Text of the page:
Project description:Pyoverdine (PVDI) has been reported to act both as a siderophore for scavenging iron (a key nutrient) and a signaling molecule for the expression of virulence factors. This compound is itself part of a core set of virulence factors produced by Pseudomonas aeruginosa during infections. Once secreted into the bacterial environment and having scavenged ferric iron, PVDI-Fe3+ is taken back into the P. aeruginosa periplasm via the outer membrane transporters FpvAI and FpvB. Iron release from PVDI in the bacterial periplasm involves numerous proteins encoded by the fpvGHJKCDEF genes and a mechanism of iron reduction. Here, we investigated the global interacting network between these various proteins using systematic bacterial two-hybrid screening. We deciphered a network of five interacting proteins composed of two inner-membrane proteins, FpvG (iron reductase) and FpvH (unknown function), and three periplasmic proteins, FpvJ (unknown function), FpvF (periplasmic PVDI-binding protein), and FpvC (iron periplasmic-binding protein). This interacting network strongly suggests the existence of a large protein machinery composed of these five proteins, all playing a role in iron acquisition by PVDI. Furthermore, we discovered an interaction between the periplasmic siderophore binding protein FpvF and the PvdRT-OpmQ efflux pump, also suggesting a role for FpvF in apo-PVDI recycling and secretion after iron delivery. These results highlight a multi-protein complex that drives iron release from PVDI in the periplasm of P. aeruginosa.
Project description:Metallo-?-lactamases (M?Ls) represent one of the main mechanisms of bacterial resistance against ?-lactam antibiotics. The elucidation of their mechanism has been limited mostly by the structural diversity among their active sites. All M?Ls structurally characterized so far present a Cys or a Ser residue at position 221, which is critical for catalysis. GOB lactamases stand as an exception within this picture, possessing a Met residue in this location. We studied different mutants in this position, and we show that Met221 is essential for protein stability, most likely due to its involvement in a hydrophobic core. In contrast to other known M?Ls, residue 221 is not involved in metal binding or in catalysis in GOB enzymes, further highlighting the structural diversity of M?Ls. We also demonstrate the usefulness of protein periplasmic profiles to assess the contribution of protein stability to antibiotic resistance.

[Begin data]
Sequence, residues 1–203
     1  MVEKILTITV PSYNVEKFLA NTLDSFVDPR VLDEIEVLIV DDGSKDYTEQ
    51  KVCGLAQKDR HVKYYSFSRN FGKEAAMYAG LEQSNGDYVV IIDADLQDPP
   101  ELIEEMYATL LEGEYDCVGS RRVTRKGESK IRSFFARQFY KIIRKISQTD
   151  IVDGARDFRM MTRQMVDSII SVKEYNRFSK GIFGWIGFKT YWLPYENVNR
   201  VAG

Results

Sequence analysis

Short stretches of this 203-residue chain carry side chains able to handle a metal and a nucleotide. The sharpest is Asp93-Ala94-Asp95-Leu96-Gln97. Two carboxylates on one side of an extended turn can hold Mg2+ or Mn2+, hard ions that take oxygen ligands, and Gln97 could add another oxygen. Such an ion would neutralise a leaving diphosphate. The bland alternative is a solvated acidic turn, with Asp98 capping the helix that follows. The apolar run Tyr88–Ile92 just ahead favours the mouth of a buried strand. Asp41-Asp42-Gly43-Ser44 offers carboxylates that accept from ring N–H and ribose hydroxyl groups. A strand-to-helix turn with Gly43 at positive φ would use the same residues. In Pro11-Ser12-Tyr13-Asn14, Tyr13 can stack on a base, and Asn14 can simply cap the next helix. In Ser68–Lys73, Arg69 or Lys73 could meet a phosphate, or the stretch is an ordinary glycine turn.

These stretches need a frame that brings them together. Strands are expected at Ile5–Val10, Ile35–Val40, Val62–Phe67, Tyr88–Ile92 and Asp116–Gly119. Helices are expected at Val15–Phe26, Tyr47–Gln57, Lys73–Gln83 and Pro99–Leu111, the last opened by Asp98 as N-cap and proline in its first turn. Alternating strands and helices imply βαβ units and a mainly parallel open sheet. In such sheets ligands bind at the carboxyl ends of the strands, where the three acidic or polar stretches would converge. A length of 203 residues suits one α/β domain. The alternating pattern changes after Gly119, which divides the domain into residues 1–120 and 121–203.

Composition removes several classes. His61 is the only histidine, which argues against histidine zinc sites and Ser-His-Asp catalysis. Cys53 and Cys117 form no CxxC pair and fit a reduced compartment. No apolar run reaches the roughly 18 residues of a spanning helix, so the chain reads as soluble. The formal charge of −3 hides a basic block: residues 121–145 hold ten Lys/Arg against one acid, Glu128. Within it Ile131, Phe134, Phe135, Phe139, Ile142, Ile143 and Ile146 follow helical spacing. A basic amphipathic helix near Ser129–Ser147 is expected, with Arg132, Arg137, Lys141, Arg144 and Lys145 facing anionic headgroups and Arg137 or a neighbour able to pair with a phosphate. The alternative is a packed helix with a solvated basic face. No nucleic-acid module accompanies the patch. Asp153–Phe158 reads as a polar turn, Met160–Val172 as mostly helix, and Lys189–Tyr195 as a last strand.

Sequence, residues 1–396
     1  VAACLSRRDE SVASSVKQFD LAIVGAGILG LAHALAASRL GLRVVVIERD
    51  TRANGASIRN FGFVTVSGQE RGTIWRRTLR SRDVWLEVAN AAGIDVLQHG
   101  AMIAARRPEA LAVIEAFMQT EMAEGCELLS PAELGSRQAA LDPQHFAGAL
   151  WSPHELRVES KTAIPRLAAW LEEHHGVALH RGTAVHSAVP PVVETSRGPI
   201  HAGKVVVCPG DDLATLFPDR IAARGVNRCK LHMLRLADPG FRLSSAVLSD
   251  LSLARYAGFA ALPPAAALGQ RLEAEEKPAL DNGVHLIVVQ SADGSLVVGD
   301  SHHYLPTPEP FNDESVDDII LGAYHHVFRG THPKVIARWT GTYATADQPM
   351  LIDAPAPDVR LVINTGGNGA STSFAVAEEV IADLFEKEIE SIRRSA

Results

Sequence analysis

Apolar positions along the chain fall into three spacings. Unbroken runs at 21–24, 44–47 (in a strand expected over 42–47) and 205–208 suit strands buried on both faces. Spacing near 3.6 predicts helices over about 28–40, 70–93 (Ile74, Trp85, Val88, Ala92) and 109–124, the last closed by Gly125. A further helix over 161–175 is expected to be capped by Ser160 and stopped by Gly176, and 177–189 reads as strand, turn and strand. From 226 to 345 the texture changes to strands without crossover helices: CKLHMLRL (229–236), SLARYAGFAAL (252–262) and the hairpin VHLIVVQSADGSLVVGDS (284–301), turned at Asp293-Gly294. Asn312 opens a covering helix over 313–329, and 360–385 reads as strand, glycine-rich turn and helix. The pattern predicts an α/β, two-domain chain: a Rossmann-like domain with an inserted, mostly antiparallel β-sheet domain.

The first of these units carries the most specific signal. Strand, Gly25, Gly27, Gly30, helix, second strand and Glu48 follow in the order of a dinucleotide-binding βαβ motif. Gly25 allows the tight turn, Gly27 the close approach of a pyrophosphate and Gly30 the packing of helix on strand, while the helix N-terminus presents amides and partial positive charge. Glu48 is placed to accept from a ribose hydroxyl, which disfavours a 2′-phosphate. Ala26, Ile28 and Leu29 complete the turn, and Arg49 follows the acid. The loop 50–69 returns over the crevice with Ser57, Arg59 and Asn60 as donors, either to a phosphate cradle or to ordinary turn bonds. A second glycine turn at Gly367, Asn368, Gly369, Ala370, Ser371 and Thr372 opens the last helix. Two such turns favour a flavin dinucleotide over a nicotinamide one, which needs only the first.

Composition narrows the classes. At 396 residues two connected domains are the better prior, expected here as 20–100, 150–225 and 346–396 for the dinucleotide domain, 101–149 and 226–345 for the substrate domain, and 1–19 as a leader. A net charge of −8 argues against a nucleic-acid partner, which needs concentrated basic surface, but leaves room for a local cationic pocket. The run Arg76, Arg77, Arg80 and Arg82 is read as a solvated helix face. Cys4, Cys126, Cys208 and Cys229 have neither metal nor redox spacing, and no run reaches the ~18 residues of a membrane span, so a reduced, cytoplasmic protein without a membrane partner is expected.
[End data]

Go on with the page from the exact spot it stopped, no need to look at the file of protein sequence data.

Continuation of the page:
Project description:Molecular chaperones and protein folding factors of bacterial periplasmic space play important roles in assisting disulfide bond formation and proper protein folding. In this study, effects of disulfide bond protein (Dsb) families were investigated on assembly of 3F3 Fab, an antibody inhibitor targeting matrix metalloproteinase-14 (MMP-14). By optimizing DsbA/C co-expression, promoter for 3F3 Fab, host strains, and culture media and conditions, a high yield of 30-mg purified 3F3 Fab per liter culture was achieved. Produced 3F3 Fab exhibited binding affinity of 34 nM and inhibition potency of 970 nM. This established method of DsbA/C co-expression can be applied to produce other important disulfide bond-dependent recombinant proteins in E. coli periplasm.
Project description:Shiga toxin (STx) belongs to the AB(5) toxin family and is transiently localized in the periplasm before secretion into the extracellular milieu. While producing outer membrane vesicles (OMVs) containing only A subunit of the toxin (STxA), we created specific STx1B- and STx2B-deficient mutants of E. coli O157:H7. Surprisingly, STxA subunit was absent in the OMVs and periplasm of the STxB-deficient mutants. In parallel, the A subunit of heat-labile toxin (LT) of enterotoxigenic E. coli (ETEC) was absent in the periplasm of the LT-B-deficient mutant, suggesting that instability of toxin A subunit in the absence of the B subunit is a common phenomenon in the AB(5) bacterial toxins. Moreover, STx2A was barely detectable in the periplasm of E. coli JM109 when stx2A was overexpressed alone, while it was stably present when stxB was co-expressed. Compared with STx2 holotoxin, purified STx2A was degraded rapidly by periplasmic proteases when assessed for in vitro proteolytic susceptibility, suggesting that the B subunit contributes to stability of the toxin A subunit in the periplasm. We propose a novel role for toxin B subunits of AB(5) toxins in protection of the A subunit from proteolysis during holotoxin assembly in the periplasm.